How to get rid of acne?
Everyone gets the odd pimple in life. However, full-blown acne can impact self-esteem. Teens and adults alike should control acne to reduce the risk of permanent acne scars. Find out how to help treat and prevent acne.
What is Acne?
Acne is a skin condition that appears in a number of forms, such as comedones (blackheads and whiteheads), papules, pustules, nodules and cysts. Acne is caused by excess sebum, an oily substance produced by the sebaceous glands. Sebum hydrates the skin and keeps it supple.
Acne most commonly appears on the face, back, chest and arms.
What Causes Acne?
Several factors may make you more likely to develop acne:
- Family History: If your parents or siblings had acne, you’ll be more at risk of getting it too.
- Puberty: During adolescence, the body produces more sex hormones. For example, in boys, testosterone stimulates the production of sebum and the formation of sebaceous glands.
- Hormonal variations in women: For some women, hormonal changes can trigger acne flares around the time of their menstrual cycle and at during different stages of their lives such as pregnancy or menopause.
- Strong emotions: When we are stressed for example, a larger amount of cortisol (stress hormone) gets released which increases oil production and inflammation.
- Sweating: Excessive sweating can make acne worse in some people. For example, after a workout, the mix of sweat, oils and bacteria released from your body will soak back into the pores if you do not shower right after and will increase the chance of your pores becoming clogged.
- Dry skin: When your skin lacks moisture, it is easily irritated and reacts by increasing sebum production.
Does junk food cause acne?
Contrary to popular belief, no scientific studies have shown a link between acne and eating chocolate or fatty foods like french fries or potato chips. However, you should still adopt a healthy lifestyle and eat a balanced diet for overall health.
Tips and advice to get rid of acne
By avoiding acne triggers and adopting the following daily skin care routine, you can better control your acne.
- Cleanse your face at most twice a day with either water alone, a soapless cleanser, or a mild soap that is non-irritating and unscented. Avoid washing your skin too often, rubbing too hard or using an exfoliant, as irritation can aggravate acne.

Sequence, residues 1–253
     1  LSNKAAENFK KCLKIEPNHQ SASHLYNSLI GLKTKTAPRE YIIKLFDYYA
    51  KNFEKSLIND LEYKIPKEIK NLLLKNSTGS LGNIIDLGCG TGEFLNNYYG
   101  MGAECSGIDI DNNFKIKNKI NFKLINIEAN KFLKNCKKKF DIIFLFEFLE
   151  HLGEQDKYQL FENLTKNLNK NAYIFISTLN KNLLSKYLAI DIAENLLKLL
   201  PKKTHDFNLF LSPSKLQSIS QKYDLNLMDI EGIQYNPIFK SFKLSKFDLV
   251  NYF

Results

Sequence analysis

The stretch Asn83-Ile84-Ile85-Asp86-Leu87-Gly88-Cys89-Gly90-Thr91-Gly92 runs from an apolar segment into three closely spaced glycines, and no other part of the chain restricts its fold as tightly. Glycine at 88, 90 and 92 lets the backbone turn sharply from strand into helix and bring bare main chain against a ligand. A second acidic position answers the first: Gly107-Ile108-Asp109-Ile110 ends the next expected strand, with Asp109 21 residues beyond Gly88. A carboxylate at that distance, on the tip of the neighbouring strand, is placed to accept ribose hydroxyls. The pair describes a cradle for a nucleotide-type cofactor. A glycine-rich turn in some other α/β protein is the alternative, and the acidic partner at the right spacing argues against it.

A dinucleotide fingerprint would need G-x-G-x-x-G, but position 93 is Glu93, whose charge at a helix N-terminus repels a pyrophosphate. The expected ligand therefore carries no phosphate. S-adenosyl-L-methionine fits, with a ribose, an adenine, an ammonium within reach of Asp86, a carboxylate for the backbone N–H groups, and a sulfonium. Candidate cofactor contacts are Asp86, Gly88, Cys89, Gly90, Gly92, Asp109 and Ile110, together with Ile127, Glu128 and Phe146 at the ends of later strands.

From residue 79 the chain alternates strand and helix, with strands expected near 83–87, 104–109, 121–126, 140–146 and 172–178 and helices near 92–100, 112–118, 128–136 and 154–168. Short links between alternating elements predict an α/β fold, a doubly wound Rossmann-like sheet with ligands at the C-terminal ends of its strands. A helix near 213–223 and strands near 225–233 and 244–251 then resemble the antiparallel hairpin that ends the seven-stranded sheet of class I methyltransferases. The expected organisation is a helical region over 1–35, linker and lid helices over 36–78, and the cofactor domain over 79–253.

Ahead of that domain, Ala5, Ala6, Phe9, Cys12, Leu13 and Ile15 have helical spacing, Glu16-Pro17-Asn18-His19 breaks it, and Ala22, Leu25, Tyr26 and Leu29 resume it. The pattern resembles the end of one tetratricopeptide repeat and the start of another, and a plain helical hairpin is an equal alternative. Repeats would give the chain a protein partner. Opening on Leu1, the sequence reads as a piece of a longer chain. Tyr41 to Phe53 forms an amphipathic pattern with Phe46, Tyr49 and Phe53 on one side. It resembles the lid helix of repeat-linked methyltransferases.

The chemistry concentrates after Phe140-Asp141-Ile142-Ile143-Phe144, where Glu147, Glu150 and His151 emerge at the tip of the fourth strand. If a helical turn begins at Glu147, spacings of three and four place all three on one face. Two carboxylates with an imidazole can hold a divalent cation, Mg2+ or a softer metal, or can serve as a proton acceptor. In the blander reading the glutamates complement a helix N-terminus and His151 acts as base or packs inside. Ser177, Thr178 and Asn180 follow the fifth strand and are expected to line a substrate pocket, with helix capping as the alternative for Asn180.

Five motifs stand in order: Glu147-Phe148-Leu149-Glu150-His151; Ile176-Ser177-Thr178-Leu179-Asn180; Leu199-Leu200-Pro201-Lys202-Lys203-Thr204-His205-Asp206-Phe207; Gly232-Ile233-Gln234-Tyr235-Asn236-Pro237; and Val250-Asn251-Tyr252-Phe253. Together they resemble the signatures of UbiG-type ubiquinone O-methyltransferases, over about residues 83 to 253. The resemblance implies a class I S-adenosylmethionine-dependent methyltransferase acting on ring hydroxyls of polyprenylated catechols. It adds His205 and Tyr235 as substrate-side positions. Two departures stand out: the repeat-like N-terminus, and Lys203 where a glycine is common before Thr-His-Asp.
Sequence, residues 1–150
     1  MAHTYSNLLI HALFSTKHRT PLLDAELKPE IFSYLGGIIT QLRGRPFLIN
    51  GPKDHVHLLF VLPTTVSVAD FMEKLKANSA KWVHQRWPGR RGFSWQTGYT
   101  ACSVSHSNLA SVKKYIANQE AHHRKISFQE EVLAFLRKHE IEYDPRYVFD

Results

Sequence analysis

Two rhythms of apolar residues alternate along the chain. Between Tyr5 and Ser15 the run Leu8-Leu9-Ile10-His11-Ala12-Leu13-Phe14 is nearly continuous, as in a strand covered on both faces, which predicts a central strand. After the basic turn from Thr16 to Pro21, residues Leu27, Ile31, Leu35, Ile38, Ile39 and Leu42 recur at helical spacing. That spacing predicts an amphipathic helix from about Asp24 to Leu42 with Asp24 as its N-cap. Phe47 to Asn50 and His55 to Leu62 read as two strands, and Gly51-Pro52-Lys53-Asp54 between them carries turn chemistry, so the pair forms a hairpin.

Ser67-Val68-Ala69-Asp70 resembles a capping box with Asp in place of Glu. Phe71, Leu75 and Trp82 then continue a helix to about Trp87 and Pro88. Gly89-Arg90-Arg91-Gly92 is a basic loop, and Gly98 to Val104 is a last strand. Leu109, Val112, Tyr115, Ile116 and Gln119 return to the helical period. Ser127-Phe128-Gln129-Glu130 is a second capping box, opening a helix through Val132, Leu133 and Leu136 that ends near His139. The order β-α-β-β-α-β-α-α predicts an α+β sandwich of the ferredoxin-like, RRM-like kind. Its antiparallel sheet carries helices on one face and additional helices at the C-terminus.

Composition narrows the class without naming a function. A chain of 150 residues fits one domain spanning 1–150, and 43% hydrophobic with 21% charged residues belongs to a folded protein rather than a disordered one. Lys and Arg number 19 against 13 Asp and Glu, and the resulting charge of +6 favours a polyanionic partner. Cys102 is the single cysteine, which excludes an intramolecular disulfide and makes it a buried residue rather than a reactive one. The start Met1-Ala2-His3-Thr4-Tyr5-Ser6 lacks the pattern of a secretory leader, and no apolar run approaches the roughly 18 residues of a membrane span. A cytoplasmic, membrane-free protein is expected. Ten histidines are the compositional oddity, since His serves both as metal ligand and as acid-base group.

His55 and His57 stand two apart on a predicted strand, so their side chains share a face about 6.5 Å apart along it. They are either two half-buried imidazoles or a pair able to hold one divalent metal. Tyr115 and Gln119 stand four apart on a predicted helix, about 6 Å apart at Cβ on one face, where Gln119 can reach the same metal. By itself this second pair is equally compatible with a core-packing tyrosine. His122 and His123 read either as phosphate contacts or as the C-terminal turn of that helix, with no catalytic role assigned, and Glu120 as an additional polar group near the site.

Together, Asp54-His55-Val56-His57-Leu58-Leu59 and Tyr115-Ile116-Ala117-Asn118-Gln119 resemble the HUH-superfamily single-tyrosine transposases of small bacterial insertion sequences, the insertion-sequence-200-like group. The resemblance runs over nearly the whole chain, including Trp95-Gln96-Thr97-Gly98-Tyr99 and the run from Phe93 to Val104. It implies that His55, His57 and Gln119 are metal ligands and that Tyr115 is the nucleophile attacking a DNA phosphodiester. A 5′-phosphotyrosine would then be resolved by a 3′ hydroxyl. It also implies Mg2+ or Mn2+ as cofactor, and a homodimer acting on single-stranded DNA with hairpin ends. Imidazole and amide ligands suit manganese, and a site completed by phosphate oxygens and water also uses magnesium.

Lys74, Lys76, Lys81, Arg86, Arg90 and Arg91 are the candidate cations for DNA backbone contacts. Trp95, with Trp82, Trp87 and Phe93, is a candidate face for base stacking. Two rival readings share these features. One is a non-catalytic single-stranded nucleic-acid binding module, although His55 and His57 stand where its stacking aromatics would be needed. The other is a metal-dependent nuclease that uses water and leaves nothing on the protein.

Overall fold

- After cleansing, apply a noncomedogenic moisturizer if you need one. These moisturizers will not clog your pores. Use lotions if you have oily skin and creams if you have dry skin.
- Don’t touch your pimples or blackheads, as you might make them worse. Tip: Count the number of times you touch your face in a day to help you get rid of this bad habit!
- Wash your hair regularly, particularly if it tends to be oily.
- Tie your hair back from your face, especially when you sleep.
- Try to avoid using makeup regularly.
- Avoid using oil-based cosmetics, which can include concealers, liquid foundations, hair pomades, hair oils, hair sprays, etc. Instead, look for products that say “oil free” or “non-comedogenic”.
- Always remove your makeup at the end of the day.
- Put makeup on last after applying a moisturizer. If you are using a topical acne treatment, apply it before the moisturizer so it has direct contact with the affected skin.
- Apply sunscreen after topical acne medications have dried and while you are taking oral acne medications because they may make your skin more sensitive to the sun.
Talk to your pharmacist for the most effective regimen if you are also using acne medication.
- Shave your beard in the direction of hair growth, and try to shave less often. Don’t shave the same area more than once. Be sure to moisturize after to prevent the skin from cracking or peeling.
The pharmacy services presented in this section are offered by pharmacist owners who are affiliated with PROXIM. The pharmacists are solely responsible for the professional activities carried out during the practice of pharmacy.
The information contained herein is provided for informational purposes only and is not intended to provide complete information on the subject matter or to replace the advice of a health professional. This information does not constitute medical consultation, diagnosis or opinion and should not be interpreted as such. Please consult your health care provider if you have any questions about your health, medications or treatment.